## 1. Introduction

In Earth’s atmosphere, scales of the energy-containing eddies are similar to those of the linearly most unstable baroclinic waves. The energy-containing length scale (spherical wavenumber ∼ 8) is similar to the zonal length scale of the most unstable waves, and the eddy turnover time (∼3–5 days) is similar to their inverse growth rate (e.g., Shepherd 1987b; Simmons and Hoskins 1976; Valdes and Hoskins 1988). Analysis of observations shows that eddy–mean flow interactions, not nonlinear eddy–eddy interactions, dominate the spectral energy transfers; there is no extended wavenumber range of nonlinear (transient) eddy–eddy interactions that could give rise to an inverse energy cascade and an upscale transfer of eddy energy from the scale of generation by baroclinic instability to significantly larger scales (Shepherd 1987a,b). Theory and simulations with an idealized dry general circulation model (GCM) suggest this agreement of linear wave scales and nonlinear eddy scales does not occur by chance but, rather, results because macroturbulence modifies the atmospheric thermal structure such that nonlinear interactions among turbulent eddies are weak (Schneider and Walker 2006). Nonetheless, while the nonlinear eddy–eddy interactions that cause differences between linear wave scales and nonlinear eddy scales may be weak, they are not absent altogether. For example, meridional momentum fluxes associated with linear waves are generally confined to a narrower latitude band than those associated with fully developed nonlinear eddies, indicating that linear waves have smaller meridional scales and/or do not propagate meridionally as effectively as the nonlinear eddies (Gall 1976a,b; Simmons and Hoskins 1976, 1978; Edmon et al. 1980; O’Gorman and Schneider 2007).

As the basis for a systematic study of differences between linear waves and fully developed nonlinear eddies, here we present linear stability analyses of a wide range of atmospheric mean flows simulated with an idealized dry GCM. The mean flows are a subset of those whose fully developed nonlinear dynamics were examined in Walker and Schneider (2006), Schneider and Walker (2006, 2008, hereafter SW06 and SW08, respectively) and Schneider and Merlis (2009, unpublished manuscript, hereafter SMER), allowing us to compare properties of linear waves with theoretical predictions, on the one hand, and with properties of nonlinear eddies on the other. The use of a wide range of simulations enables us to make such comparisons systematically. For example, we are able to compare mean-field estimates for scales of linear waves based on idealized quasigeostrophic models with scales of linear waves on a wide range of complex mean flows in a primitive equation model, allowing us to determine empirical constants in scaling relations. The systematic comparison of linear waves and nonlinear eddies in dry atmospheres is a necessary prerequisite for further studies in atmospheric macroturbulence that may attempt to develop turbulence closures (e.g., based on weakly nonlinear models) or add neglected physical processes (e.g., latent heat release in phase changes of water). In this paper, we (i) show that the mean flows whose nonlinear dynamics were examined in SW06, SW08, and SMER are indeed baroclinically unstable, (ii) demonstrate that mean-field estimates such as the Rossby radius and Eady growth rate account for properties of linear waves such as their zonal length scale and growth rate (albeit not always precisely), and (iii) examine limitations of linear stability analysis in accounting for properties of nonlinear eddies.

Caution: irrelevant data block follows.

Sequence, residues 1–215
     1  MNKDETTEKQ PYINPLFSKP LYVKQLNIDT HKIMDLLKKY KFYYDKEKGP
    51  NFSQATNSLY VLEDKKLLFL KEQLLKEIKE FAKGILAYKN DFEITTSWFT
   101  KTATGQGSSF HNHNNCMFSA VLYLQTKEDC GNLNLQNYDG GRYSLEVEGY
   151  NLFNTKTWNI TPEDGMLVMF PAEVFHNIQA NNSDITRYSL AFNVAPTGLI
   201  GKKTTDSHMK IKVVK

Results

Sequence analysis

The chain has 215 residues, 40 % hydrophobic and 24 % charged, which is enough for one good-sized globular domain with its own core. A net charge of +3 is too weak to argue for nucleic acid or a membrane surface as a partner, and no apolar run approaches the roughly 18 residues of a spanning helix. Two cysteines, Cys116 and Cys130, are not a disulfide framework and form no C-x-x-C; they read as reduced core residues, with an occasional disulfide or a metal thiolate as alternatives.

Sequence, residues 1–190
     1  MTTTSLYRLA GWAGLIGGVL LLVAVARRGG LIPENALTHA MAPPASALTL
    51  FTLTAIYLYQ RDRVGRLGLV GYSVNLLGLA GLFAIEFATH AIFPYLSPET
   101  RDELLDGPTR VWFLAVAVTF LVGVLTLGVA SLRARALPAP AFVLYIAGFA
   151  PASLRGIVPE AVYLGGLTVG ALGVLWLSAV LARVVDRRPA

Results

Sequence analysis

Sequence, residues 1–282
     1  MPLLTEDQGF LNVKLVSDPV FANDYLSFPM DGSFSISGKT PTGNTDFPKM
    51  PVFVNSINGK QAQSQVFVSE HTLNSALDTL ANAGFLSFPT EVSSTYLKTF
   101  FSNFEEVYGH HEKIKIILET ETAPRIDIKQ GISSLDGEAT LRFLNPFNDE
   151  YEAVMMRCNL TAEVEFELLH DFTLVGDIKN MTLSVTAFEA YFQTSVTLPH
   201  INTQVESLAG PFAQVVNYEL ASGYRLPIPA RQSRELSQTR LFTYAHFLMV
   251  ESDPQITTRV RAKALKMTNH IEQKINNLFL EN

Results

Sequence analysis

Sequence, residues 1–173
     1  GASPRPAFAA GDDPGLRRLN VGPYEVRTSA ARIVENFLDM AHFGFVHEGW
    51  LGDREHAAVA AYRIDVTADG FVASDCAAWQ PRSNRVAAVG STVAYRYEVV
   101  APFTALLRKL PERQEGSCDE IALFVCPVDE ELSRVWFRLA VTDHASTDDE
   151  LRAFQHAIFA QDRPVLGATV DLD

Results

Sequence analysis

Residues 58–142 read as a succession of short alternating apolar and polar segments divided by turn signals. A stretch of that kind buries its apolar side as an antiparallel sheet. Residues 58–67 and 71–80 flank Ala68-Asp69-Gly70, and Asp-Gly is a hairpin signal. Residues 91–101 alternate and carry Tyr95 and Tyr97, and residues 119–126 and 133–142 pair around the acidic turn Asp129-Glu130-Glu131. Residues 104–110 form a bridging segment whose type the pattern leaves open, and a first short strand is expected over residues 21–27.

## 2. Idealized GCM and linear stability analyses

### a. Model description

We performed linear stability analyses of the simulated mean flows described in SW06, SW08, and SMER. The GCM with which the flows are simulated is based on the spectral dynamical core of the Geophysical Fluid Dynamics Laboratory’s Flexible Modeling System. It integrates the primitive equations on the sphere, discretized with the spectral transform method in the horizontal (resolution from T42 to T127 for different simulations), and with 30 unevenly spaced sigma coordinate levels in the vertical. Forcing and dissipation in the nonlinear simulations consist of Newtonian relaxation of temperatures as a representation of radiation, a turbulent boundary layer scheme (roughness length 5 cm) acting in the lowest 2.5 km of the model atmosphere (Smagorinsky et al. 1965), and ∇^{8} hyperviscosity acting on vorticity, divergence, and temperature. A quasi-equilibrium dry convection scheme relaxes temperatures to a profile with convective lapse rate *γ*Γ* _{d}*, where Γ

*is the dry-adiabatic lapse rate Γ*

_{d}*=*

_{d}*g*/

*c*, whenever a column is statically less stable than a column with the convective lapse rate. If

_{p}*γ*< 1, the convection scheme mimics some of the stabilizing effect that latent heat release has on the thermal structure of the atmosphere (details can be found in appendix B of SW06).

*ϕ*as (SW06)

*is one of the parameters varied to obtain different mean flows; the polar temperature*

_{h}*T̃*= 260 K is constant in all simulations. The vertical structure of the radiative equilibrium temperature is given by

_{s}^{e}*T*= 200 K at the top of the atmosphere, reference pressure

_{t}^{e}*p*

_{0}= 1000 hPa, and exponent

*α*= 3.5. The optical depth

*T*to the surface temperature

_{t}^{e}*T*(